Bosses, help breastfeeding mothers
AS WE celebrate World Breastfeeding Week, which starts today, we call on all employers for their strong support in creating a workplace that is friendly to breastfeeding mothers.
Returning to work should not be a barrier to mothers who wish to continue to breastfeed their children.
In April, the National Trades Union Congress' (NTUC's) U Family conducted a poll of 231 married women who had returned to work after their maternity leave and had a child who was three or younger.
It was found that close to 50 per cent of respondents stopped breastfeeding by the baby's sixth month. This is despite the World Health Organisation's recommendation that mothers should provide exclusive breastfeeding to babies up to six months of age, with continued breastfeeding accompanied with appropriate complementary foods up to two years of age or beyond.
Key reasons why mothers stopped providing breast milk after they returned to work include a lack of time and flexibility to express milk at the workplace; a lack of space at the workplace to do so; and lack of support from employers and co-workers.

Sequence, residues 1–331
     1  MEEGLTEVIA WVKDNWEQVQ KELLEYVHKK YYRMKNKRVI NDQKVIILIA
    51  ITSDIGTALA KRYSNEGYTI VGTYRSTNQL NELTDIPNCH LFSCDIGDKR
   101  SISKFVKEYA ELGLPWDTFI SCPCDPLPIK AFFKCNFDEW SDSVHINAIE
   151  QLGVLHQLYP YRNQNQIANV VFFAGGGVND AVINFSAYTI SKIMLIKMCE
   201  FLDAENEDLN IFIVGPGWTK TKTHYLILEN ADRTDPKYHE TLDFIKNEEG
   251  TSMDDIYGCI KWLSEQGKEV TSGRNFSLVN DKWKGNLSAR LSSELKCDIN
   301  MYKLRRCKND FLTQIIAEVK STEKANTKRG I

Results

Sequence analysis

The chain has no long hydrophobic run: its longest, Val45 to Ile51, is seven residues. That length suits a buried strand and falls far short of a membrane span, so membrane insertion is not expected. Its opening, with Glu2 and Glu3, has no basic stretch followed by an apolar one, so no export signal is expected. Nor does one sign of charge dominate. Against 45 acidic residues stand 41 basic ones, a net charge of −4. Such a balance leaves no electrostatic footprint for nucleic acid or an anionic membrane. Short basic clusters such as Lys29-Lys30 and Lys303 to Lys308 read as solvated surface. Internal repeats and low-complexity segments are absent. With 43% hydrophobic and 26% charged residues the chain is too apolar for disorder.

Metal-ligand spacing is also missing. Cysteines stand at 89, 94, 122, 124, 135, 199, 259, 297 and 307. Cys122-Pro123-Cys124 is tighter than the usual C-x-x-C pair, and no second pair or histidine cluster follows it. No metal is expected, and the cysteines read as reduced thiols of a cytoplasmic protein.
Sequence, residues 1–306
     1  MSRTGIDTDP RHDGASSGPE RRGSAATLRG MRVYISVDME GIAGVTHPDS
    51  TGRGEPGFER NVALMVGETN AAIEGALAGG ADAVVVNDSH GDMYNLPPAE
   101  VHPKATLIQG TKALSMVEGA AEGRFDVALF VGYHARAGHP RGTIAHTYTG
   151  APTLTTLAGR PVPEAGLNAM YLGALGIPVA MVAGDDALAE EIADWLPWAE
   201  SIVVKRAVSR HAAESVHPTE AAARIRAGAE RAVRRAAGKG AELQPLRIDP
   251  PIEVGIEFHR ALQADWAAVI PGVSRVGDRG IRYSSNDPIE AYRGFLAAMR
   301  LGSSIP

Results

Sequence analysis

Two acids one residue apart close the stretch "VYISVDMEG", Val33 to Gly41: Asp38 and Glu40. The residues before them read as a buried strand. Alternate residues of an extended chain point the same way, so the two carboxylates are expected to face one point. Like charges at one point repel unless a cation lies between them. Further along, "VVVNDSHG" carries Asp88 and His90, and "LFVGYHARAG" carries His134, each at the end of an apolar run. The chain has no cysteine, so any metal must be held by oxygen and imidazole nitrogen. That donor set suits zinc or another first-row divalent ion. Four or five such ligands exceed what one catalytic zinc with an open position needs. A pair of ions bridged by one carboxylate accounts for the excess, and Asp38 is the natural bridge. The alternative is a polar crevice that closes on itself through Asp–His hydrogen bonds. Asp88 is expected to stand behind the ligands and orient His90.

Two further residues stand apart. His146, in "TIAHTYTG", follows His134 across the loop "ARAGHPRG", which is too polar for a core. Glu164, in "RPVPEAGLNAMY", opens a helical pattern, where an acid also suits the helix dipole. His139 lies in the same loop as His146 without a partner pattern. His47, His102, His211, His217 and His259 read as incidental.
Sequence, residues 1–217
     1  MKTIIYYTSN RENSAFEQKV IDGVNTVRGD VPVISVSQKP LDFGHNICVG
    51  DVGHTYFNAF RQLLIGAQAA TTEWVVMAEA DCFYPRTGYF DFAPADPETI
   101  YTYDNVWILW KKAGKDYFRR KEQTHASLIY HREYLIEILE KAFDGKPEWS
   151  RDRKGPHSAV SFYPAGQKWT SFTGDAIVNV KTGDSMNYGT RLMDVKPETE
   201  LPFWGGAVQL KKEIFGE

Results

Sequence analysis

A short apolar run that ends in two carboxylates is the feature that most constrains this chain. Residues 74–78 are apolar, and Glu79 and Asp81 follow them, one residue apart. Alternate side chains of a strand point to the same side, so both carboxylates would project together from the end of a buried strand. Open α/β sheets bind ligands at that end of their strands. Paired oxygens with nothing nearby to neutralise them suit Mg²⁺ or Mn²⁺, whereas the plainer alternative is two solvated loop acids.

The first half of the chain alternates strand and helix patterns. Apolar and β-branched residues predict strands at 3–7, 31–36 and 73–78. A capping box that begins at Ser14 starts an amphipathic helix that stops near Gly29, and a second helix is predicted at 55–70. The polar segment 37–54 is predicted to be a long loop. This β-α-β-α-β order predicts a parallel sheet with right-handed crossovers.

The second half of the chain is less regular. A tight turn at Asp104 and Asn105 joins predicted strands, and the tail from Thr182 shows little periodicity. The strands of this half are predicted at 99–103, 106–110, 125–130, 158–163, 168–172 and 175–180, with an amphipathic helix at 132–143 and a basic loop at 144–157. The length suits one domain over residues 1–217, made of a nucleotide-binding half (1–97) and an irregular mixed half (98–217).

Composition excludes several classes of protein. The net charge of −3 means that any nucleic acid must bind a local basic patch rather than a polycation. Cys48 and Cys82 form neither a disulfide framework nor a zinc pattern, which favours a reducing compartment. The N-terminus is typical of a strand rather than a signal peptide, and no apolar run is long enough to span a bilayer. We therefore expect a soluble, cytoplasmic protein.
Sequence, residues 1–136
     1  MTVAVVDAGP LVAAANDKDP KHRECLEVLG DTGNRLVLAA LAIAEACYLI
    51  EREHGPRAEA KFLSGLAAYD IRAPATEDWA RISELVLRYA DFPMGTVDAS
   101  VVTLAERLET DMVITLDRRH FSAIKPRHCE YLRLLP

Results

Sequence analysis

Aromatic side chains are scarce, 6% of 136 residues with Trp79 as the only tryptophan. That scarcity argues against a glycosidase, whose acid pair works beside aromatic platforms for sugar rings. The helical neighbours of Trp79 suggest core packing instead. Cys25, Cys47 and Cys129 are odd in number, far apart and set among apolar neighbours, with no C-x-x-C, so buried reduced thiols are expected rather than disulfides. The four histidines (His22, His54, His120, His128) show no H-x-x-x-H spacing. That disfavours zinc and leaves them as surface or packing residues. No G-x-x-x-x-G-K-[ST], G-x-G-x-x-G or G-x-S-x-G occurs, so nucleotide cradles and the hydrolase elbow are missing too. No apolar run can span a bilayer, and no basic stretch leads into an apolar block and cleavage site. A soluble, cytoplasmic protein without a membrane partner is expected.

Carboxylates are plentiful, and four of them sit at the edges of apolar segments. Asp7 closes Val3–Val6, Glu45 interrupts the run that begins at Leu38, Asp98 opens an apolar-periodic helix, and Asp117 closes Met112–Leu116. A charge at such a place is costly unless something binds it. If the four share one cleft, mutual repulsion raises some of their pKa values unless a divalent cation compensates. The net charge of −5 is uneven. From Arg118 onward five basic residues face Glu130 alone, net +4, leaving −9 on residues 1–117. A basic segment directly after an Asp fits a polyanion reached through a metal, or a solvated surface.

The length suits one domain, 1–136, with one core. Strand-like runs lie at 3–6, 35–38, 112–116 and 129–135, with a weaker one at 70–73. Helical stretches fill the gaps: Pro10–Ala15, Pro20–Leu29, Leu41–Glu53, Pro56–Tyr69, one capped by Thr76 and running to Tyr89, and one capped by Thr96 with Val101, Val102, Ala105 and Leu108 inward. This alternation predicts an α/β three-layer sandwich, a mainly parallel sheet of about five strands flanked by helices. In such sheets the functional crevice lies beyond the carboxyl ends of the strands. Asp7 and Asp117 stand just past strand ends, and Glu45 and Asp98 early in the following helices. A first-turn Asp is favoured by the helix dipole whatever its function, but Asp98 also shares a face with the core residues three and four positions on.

Accommodating mothers' breastfeeding needs is not complicated. What they need is time, a private room and understanding employers.
Employers can play a bigger role in supporting breastfeeding mothers at the workplace by providing accessible and private lactation rooms that are shielded from view and free from intrusion. These mothers should also be granted time to express milk.
We urge all senior and line managers of companies to take the first step in reviewing some of these needs, and consider putting in place policies that are mother- and baby-friendly.
Through its Project Liquid Gold programme, U Family will continue to advocate and raise awareness on lactation support at the workplace.
The writer is director of U Family, an initiative by the NTUC that facilitates networking, dispenses parenting information and holds affordable family activities.